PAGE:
Does gardening increase your chances of living longer? Jamie Feldmar’s article, “Gardening could be the hobby that helps you live to 100” explains the benefits of what growing a garden can do for your well-being.
Studies showed that gardening can elevate your mood. Being outside in the fresh, sunny air can provide the body with rich vitamins that can boost your mood quickly. According to this article, “Doctors in Scotland can now prescribe a walk in nature to treat a variety of ailments, including reducing blood pressure and anxiety, and to improve overall happiness” and “One Harvard University study showed that people who were surrounded by lush greenery lived longer with a lower chance of developing cancer or respiratory illnesses.”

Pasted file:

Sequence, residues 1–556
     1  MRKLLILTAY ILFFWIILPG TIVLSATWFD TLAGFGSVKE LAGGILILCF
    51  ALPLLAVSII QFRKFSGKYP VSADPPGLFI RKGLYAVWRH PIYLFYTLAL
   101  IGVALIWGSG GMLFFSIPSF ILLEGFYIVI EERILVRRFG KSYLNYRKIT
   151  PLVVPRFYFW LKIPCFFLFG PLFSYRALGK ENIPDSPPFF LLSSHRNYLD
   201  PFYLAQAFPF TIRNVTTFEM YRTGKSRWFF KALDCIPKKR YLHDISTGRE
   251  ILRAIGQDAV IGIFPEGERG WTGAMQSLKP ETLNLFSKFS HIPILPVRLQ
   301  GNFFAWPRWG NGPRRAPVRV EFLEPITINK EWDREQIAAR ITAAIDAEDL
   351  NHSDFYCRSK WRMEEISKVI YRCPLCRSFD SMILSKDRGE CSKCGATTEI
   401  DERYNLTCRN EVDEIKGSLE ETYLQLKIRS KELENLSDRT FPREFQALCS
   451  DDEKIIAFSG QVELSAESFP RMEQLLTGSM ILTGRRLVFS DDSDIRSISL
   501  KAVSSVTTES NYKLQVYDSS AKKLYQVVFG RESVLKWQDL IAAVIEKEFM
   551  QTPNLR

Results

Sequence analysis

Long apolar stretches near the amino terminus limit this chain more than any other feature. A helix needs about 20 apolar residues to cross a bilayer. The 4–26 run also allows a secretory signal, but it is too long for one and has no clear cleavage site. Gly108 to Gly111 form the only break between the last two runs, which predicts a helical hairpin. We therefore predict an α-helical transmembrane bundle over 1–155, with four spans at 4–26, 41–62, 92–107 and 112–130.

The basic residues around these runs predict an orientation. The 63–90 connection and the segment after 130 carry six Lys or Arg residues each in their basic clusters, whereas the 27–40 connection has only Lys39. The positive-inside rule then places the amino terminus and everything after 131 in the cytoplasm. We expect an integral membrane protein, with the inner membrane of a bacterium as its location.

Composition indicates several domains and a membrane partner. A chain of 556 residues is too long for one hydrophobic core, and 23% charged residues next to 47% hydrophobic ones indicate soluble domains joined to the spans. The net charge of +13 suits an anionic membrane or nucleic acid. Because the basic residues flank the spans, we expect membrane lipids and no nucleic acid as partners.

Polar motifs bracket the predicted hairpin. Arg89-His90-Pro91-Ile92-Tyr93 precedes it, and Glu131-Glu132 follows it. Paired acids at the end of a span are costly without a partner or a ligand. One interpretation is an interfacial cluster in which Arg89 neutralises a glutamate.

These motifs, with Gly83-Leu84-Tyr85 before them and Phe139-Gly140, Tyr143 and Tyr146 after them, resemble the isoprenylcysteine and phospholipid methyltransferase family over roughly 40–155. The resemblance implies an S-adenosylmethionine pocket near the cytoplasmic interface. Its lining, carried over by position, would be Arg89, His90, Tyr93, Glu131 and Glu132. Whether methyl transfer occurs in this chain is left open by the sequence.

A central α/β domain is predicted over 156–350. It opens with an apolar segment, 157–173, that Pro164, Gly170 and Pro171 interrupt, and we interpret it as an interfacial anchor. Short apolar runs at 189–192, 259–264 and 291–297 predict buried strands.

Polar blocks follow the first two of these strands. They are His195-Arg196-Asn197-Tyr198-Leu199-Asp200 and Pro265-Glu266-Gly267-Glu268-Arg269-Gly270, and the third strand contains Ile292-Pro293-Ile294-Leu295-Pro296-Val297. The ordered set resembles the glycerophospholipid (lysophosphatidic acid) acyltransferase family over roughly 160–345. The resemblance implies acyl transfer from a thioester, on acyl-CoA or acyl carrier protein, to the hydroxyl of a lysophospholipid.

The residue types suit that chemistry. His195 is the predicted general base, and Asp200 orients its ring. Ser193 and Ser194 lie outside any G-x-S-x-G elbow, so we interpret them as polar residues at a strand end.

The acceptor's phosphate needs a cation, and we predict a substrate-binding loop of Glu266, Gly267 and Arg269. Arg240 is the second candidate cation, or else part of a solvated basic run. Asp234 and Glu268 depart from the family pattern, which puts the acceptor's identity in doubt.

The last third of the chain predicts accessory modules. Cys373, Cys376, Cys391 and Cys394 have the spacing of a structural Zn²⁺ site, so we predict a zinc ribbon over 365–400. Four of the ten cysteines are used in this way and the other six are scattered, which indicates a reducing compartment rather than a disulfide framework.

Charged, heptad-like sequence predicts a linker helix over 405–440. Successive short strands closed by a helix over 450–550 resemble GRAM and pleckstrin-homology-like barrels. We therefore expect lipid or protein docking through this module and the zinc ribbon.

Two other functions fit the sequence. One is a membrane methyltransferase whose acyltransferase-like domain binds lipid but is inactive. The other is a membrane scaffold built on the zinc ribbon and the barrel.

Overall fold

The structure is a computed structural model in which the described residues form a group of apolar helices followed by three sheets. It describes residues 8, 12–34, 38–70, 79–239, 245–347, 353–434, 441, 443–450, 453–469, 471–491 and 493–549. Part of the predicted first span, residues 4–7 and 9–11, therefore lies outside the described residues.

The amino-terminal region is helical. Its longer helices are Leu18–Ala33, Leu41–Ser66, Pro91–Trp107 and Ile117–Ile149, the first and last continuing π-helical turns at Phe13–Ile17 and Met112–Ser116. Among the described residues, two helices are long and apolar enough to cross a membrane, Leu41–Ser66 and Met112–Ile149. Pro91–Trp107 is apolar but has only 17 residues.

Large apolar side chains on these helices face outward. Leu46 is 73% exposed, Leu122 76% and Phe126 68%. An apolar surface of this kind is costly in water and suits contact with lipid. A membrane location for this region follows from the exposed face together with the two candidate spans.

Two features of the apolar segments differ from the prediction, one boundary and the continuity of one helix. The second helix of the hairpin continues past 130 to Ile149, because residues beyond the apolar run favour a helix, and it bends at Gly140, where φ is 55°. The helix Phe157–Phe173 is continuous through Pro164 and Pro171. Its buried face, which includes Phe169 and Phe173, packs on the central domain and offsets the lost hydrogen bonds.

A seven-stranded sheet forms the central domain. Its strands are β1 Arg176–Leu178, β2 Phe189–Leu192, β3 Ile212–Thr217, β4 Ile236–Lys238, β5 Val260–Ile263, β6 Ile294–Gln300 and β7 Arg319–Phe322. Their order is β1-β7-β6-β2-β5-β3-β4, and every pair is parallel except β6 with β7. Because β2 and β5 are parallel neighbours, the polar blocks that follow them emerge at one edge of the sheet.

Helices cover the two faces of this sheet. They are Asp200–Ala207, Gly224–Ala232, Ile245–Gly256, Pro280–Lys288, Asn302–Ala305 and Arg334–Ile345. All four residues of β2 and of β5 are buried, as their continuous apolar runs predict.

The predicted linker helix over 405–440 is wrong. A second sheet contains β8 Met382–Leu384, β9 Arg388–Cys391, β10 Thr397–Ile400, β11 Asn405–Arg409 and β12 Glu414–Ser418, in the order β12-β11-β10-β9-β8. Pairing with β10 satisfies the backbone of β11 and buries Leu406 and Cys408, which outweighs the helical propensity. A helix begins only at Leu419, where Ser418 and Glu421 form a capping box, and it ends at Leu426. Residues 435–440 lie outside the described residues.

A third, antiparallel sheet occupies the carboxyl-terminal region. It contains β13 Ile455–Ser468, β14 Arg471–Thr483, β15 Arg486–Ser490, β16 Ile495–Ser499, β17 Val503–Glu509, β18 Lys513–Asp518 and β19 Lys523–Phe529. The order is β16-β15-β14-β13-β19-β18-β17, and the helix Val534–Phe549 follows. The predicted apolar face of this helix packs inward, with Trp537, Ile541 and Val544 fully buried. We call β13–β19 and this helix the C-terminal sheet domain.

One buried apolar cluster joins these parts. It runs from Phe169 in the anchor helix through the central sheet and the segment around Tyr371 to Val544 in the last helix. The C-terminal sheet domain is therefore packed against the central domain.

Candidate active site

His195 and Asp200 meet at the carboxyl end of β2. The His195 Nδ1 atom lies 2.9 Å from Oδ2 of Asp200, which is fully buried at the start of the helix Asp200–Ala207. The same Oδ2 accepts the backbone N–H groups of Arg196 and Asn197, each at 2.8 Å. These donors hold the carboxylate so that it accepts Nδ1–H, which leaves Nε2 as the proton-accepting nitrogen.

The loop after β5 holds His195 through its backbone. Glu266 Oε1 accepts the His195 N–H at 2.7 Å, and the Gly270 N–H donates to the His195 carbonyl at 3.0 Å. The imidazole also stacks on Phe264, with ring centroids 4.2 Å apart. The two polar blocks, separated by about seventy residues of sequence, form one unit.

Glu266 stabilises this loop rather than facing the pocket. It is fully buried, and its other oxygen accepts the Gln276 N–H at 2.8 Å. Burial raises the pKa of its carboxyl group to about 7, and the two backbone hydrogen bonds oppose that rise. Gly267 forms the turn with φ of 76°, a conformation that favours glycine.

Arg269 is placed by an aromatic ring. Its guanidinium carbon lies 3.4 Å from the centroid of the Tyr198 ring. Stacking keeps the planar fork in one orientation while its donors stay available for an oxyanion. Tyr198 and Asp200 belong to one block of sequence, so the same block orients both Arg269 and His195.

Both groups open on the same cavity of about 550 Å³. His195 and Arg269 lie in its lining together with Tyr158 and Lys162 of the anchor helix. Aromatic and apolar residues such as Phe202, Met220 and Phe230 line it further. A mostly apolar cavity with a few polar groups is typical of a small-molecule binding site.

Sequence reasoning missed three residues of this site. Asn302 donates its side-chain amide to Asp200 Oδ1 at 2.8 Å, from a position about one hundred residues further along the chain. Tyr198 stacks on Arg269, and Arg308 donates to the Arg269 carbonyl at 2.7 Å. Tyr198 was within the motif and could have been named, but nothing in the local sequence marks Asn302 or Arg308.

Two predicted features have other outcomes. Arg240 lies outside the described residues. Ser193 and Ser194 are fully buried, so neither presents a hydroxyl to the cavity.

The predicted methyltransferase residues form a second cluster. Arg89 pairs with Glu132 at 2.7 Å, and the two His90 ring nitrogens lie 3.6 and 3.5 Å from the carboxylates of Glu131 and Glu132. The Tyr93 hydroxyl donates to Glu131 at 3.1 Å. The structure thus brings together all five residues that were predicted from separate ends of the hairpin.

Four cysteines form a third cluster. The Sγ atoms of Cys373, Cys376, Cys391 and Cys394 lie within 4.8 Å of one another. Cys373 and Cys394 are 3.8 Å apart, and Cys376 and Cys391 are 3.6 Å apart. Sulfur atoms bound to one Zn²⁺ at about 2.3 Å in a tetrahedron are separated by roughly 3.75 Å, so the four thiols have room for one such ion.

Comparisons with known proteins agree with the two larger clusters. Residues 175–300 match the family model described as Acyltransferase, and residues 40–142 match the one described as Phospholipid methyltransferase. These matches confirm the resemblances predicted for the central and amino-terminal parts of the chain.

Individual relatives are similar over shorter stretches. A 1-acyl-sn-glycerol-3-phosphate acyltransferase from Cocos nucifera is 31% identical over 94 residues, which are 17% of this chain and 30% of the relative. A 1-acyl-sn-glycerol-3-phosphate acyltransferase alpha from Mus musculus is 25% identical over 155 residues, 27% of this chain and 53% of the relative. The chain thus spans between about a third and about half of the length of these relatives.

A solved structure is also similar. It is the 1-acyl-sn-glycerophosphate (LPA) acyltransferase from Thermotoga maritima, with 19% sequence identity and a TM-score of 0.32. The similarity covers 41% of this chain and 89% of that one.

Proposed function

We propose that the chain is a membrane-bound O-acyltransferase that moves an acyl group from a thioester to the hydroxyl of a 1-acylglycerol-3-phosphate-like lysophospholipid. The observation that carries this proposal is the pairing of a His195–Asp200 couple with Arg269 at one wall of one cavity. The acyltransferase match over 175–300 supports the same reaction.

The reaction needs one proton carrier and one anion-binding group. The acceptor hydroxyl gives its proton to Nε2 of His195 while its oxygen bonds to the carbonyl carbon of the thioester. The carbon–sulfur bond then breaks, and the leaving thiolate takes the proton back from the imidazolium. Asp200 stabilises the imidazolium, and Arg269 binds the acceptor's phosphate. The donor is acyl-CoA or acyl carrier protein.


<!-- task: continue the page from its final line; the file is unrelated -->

Being outdoors and participating in low physical activity is a great way to increase longevity. Gardening can also play a big role in gratification. When you see that first flower, veggie, or fruit that you put your heart and soul into, it is extremely satisfying and rewarding. Plus, doesn’t homegrown food taste better than what you would buy from a grocery store? Veggies and fruits that come from your garden offer more minerals and vitamins than fruits and veggies from the store.
Although gardens are a big responsibility, they can offer a lot of benefits to your overall health and wellness. Jamie is right in saying that life is all about balance and “Neither farming nor gardening will ultimately guarantee a longer lifespan. But some of the lifestyle factors associated with both – namely going outside, engaging in light physical activity and eating a healthy plant-based diet – just might.”